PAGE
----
'Rodents of Unusual Size' is the Thoughtful Swamp Rat Movie You Didn't Know You Wanted

Wendell Pierce narrates this informative and highly enjoyable documentary about the nutria.

Tilapia Film

For the uninitiated, a nutria is a cat-sized semiaquatic rodent with Cheeto-orange gopher teeth that looks like someone saw a beaver and thought, “But what if we made it uglier?”

Brought to Louisiana from their native Argentina by the fur industry in the 1930s and escaping into the wild soon after, their population numbers were kept (somewhat) under control in spite of a lack of any natural predators –save the occasional alligator — through hunting, as there was good money to be made from selling their pelts.

But then animal welfare concerns pushed fur out of fashion in the 1980s, and the market collapsed. With no demand, hunters saw no need to provide a supply, and the invasive nutria population skyrocketed, ravaging Louisiana’s coastal wetlands in a takeover resembling a 1950s creature feature brought to life. So, in 2002, the state government introduced a nutria bounty program — $5 a tail — to inspire local hunters to head back out again.

Thus sets the stage for Rodents of Unusual Size, a delightfully fun name for what proves to be a surprisingly thoughtful and commendably thorough documentary. The saying goes that there are two sides to every story, but real life is really effing complicated so most situations seem to have more like 25-plus sides, and co-directors Chris Metzler, Jeff Springer, and Quinn Costello to have taken the time and energy to track down every single one of them.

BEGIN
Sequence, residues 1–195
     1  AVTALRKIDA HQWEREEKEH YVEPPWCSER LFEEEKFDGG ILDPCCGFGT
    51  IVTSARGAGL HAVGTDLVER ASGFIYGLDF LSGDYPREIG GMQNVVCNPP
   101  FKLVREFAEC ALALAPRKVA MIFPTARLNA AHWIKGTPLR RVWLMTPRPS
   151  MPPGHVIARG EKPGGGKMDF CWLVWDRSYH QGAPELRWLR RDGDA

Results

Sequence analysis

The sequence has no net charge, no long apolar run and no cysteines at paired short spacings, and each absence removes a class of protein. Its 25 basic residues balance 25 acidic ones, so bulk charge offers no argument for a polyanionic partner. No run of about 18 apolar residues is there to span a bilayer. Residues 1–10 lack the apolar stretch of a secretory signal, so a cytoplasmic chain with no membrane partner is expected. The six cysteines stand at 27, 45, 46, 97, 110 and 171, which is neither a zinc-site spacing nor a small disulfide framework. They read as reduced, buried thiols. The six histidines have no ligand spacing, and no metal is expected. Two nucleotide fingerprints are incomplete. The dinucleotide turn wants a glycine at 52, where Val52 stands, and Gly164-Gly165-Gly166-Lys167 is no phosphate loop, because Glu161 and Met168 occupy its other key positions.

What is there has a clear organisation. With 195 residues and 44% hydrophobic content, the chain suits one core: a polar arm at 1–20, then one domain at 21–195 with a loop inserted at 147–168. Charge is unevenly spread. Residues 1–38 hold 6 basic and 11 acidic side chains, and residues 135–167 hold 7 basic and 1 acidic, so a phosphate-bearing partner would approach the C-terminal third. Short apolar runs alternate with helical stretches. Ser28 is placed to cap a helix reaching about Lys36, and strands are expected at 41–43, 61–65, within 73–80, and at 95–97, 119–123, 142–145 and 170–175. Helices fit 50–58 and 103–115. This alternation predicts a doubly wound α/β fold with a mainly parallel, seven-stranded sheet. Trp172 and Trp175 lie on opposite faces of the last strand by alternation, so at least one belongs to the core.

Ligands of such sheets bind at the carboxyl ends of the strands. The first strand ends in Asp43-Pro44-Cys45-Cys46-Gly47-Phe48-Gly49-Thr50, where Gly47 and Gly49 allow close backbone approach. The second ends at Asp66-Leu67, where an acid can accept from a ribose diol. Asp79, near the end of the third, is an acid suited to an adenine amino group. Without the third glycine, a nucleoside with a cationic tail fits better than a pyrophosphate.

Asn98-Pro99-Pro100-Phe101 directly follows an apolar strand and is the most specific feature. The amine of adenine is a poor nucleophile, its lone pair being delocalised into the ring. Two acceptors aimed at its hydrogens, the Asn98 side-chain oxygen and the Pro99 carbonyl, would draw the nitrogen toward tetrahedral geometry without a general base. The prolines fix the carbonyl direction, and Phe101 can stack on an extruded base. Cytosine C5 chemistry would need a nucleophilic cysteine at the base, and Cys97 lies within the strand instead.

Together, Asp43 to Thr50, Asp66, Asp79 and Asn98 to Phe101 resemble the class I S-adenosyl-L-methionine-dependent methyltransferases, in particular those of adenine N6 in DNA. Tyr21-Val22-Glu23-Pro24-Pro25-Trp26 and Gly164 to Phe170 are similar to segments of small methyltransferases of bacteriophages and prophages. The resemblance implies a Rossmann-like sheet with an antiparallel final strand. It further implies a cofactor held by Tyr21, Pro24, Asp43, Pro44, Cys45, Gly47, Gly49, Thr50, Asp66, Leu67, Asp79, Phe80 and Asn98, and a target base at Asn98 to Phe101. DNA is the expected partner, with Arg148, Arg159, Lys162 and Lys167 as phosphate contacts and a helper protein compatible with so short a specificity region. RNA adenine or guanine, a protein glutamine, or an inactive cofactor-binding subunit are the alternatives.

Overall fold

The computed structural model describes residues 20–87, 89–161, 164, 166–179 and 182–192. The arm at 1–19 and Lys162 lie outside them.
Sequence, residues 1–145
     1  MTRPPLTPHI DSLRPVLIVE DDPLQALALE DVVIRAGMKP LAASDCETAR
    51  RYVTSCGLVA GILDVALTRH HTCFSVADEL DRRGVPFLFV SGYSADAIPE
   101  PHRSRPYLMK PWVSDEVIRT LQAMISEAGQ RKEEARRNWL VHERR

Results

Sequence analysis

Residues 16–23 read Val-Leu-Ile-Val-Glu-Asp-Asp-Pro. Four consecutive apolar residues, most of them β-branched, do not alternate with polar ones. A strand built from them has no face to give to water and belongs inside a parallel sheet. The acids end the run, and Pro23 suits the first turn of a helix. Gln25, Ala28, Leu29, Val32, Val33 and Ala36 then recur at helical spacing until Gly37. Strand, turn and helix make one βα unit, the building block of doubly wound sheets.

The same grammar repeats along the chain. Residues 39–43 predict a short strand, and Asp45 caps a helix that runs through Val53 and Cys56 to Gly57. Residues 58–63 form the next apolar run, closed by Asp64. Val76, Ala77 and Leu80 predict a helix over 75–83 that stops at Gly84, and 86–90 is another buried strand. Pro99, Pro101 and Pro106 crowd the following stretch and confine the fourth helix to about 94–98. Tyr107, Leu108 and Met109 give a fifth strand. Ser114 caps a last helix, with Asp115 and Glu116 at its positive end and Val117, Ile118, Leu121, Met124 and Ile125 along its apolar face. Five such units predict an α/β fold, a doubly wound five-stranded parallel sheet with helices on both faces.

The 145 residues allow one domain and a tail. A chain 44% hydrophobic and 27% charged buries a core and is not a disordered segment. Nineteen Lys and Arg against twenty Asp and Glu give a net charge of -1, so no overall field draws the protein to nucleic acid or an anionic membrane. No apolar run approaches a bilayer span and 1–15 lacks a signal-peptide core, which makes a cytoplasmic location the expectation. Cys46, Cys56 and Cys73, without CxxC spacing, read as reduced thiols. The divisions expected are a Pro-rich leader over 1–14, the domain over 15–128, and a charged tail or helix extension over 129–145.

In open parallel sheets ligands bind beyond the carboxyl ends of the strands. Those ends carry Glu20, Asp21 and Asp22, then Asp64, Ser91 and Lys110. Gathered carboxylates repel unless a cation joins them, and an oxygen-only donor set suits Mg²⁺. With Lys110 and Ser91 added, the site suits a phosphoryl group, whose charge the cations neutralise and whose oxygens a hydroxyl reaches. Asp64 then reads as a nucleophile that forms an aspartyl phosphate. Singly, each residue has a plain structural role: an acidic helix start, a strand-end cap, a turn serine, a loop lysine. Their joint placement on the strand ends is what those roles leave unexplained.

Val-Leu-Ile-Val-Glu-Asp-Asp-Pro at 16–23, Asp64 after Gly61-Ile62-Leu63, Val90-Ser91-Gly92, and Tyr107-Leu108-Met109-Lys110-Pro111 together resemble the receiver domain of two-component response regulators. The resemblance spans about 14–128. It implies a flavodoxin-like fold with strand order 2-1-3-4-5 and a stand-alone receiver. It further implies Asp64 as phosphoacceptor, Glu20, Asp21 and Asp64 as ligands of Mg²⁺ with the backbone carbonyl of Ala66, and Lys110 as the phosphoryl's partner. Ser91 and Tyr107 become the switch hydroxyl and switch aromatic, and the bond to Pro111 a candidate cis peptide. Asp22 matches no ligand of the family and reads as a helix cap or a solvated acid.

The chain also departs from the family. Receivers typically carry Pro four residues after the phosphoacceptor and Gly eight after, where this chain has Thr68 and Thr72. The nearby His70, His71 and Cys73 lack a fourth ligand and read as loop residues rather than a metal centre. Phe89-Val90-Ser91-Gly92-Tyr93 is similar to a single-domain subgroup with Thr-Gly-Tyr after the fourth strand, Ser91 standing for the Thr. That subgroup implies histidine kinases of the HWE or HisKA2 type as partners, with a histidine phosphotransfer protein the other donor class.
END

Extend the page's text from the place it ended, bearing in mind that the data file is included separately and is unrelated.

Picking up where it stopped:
The film, which is narrated by actor Wendell Pierce, is balanced to the point where you can easily see where removing one or two interviews here and there could have entirely changed the narrative — how a team with an agenda could have turned the film into something lambasting the anti-fur movement, or how one seeking low-hanging fruit could have just focused on the “eww giant rats” angle from beginning to end.

Instead, while the documentary features a wealth of information on nutria — there’s an impressive amount of content packed into a highly watchable 70 minutes — it’s also about a whole lot more than rodents. It’s a snapshot of a community in flux, a portrait of crisis management on every level from individual people to state government, and it manages to keep the story engaging without turning anybody into a villain. Not even the nutria.

The documentary in recent memory to which the most obvious comparison can be made would be Kedi, the delightful 2016 film about street cats in Istanbul. Like Rodents of Unusual Size, it’s about an introduced species turned local emblem and it addresses evolving communities and a changing way of life.

But where Kedi has perhaps a bit more style, Rodents of Unusual Size has more substance. It still has plenty of personal accounts, but it supplements them with history and science, via charming animations, and interviews with representatives involved in shaping policies in addition to those affected by them.

Ultimately, though, it is the personal angle that the documentary gives top priority. The through line is Thomas Gonzales, a fisherman and lifelong resident of the coastal wetland community Delacroix Island who, like many residents, hunts nutria to supplement his income.  His home ravaged beyond recognition over the past few decades by hurricanes and nutria infestation, Gonzales’ understandably melancholic commentary is laced with a shocking amount of good humor.

“When I go, this world don’t owe me nothin’,” he comments at one point with a slight smile and disarmingly affable manner while looking out at the inhospitable brown marshes that in his youth had been “nothing but big oak trees.” He’s the backbone of the film and the perfect person for the job; while the documentary features a number of informative and engaging individuals, it’s hard to imagine any would fill his central role quite as well.

Sometimes somber but never hopeless, Rodents of Unusual Size is informative and entertaining and, in light of the subject matter, shockingly pleasant to watch. You may have never considered donating a little over an hour of your life to learn about swamp rats before, but this film makes a compelling case that you should.